Perhaps for the first time almost 45 per cent brands have reported a loss in sales turnover. Incidentally, besides large and giant brands, both other small and mid brand groups reported sales losses. A whopping number of respondents reported a loss in sales turnover were among small brands (around 57.2 per cent), followed by medium brands 43.8 per cent and large brands at 14.3 per cent. However, no giant brand indicated a loss in turnover in Q2.
“Since this is a festive period and sales goes up. We were able to get a good number of bookings. This has helped us increase sales turnover,” says Cantabil’s head of marketing Deepak Singla. The maximum drop in sales was in the -20 per cent to -1 per cent slab, as high as 39.7 per cent of small brands, 37.5 per cent of mid brands and 14.3 per cent of large brands reported loss of sales turnover in this slab.
Sell through: Recorded an Index growth of 1.14 this quarter, lower than 1.23 in previous quarter. Maximum growth in sell through was reported by giant brands at 3.2 points, followed by 1.1 points for small brands, 0.9 for large brands and 0.8 for mid brands. “Sell through has increased as cost realization is less. We were not able to make great profits as raw materials have become costlier but we have kept our prices constant. Hence, sell through has increased,’’ says Manu Chawla, Propreitor, Taiga Kids.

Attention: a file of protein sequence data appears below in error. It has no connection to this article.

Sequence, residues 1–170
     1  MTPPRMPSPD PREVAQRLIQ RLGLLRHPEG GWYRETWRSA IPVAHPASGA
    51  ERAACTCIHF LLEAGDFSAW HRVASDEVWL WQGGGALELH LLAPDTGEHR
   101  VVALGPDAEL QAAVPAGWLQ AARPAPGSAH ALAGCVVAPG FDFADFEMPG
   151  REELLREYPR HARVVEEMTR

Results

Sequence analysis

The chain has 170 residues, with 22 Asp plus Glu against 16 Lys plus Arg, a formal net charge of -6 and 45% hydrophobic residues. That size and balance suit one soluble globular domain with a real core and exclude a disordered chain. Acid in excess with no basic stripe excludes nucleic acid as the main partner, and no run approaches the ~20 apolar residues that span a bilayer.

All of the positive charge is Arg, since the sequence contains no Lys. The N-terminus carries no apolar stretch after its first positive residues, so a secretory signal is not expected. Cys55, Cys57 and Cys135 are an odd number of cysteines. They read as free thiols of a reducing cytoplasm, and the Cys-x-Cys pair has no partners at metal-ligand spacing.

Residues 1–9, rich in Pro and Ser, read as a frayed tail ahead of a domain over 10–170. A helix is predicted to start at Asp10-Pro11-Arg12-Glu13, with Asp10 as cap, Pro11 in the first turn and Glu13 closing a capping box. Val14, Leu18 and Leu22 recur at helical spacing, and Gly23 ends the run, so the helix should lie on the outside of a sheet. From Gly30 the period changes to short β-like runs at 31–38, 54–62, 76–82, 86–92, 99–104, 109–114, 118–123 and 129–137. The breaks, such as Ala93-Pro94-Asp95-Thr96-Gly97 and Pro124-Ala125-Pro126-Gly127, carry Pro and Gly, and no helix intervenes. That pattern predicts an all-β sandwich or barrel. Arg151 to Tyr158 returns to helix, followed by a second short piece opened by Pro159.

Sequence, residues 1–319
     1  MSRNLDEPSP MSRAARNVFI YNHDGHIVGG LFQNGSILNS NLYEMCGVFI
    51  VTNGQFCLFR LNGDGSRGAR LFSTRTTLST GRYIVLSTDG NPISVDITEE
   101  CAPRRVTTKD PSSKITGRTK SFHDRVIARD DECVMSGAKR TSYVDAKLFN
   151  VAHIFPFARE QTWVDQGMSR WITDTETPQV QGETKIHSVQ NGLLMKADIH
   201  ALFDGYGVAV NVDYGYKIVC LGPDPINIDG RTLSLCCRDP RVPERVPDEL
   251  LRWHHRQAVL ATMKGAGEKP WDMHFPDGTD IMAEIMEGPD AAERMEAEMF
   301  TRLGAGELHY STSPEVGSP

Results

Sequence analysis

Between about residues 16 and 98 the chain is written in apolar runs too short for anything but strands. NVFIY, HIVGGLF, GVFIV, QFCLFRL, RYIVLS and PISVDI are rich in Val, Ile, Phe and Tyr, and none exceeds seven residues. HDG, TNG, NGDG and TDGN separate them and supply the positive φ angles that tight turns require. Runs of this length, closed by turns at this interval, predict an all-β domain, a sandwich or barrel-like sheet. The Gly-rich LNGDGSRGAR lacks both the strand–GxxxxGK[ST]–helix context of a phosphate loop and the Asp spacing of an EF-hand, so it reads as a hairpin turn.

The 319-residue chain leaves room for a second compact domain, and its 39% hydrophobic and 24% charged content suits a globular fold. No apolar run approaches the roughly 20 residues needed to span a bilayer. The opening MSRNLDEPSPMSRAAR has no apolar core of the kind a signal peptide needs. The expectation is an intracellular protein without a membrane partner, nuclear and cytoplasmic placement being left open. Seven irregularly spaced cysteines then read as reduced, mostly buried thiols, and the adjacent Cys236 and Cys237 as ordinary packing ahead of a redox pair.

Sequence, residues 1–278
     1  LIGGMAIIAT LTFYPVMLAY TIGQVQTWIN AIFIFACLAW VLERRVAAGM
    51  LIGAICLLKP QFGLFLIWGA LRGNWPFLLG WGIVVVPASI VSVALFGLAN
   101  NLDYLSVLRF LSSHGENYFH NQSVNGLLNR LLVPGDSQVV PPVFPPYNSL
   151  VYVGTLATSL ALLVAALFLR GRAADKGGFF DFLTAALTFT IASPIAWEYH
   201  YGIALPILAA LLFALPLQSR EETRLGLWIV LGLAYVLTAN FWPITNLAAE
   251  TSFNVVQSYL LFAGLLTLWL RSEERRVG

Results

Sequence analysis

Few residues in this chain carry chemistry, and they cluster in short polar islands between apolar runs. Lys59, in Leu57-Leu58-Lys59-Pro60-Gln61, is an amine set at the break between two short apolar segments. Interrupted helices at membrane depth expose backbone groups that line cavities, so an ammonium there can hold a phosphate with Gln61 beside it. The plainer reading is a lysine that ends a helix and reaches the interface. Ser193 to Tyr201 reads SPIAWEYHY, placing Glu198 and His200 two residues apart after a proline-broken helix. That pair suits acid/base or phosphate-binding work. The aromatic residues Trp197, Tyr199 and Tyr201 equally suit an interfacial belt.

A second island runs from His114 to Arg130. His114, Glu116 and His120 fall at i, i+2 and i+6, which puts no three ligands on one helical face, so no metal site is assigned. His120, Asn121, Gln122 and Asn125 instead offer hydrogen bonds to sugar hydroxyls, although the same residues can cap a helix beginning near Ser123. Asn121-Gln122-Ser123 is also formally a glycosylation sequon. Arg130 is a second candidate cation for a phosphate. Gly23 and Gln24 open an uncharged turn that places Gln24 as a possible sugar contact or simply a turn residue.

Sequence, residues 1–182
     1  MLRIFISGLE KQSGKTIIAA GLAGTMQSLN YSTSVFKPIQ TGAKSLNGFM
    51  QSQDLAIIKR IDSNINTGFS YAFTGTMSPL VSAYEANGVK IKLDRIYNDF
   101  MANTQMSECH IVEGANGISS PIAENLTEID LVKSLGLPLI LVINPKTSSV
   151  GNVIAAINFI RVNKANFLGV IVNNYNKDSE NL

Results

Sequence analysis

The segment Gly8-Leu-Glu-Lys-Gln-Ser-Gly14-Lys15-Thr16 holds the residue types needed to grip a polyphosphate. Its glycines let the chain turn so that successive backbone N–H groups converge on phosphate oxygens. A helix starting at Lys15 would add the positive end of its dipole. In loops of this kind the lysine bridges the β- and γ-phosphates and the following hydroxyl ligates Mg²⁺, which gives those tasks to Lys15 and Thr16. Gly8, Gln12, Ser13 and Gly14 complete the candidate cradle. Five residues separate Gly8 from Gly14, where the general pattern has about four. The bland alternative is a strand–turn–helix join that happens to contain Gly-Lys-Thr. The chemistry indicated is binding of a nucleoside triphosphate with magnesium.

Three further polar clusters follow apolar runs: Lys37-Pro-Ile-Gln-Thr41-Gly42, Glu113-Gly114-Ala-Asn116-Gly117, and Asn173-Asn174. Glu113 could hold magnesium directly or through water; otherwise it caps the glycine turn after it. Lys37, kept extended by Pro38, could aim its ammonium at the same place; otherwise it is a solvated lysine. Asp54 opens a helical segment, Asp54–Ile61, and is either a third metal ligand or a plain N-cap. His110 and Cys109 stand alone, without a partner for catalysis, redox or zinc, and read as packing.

Nearly 53 per cent brands reported an improvement in sell through. However, 37 per cent brands saw no change and around 10 per cent recorded a dip in growth. Maximum improvement in sell through was in the 1 to 20 per cent slab with 25 per cent brands reporting growth. Among them, 35.7 per cent were large brands and 27 per cent small brands, giant brands reported 14.3 per cent sell through followed by 12.5 per cent for mid brands. Dare Jeans owner Paresh Dedhia points out “There is an increase in expenditure as everything is correlated. Inventory holding and sell through has gone up as the prevailing market is slow. Buying and placing orders has come down and the cash flow is slow, hence, expenditure has increased.”
Inventory holding: Growth under this head is at 2.1 points, higher than 1.58 points recorded in Q1. Almost 64 per cent respondents across brands have said their inventory holding moved north this quarter, indeed a significant number and they were responsible for pulling down overall apparel index value. Increase in inventory holding impacts overall index negatively. Higher inventory holding indicates longer holding of inventories in warehouses or shop shelves.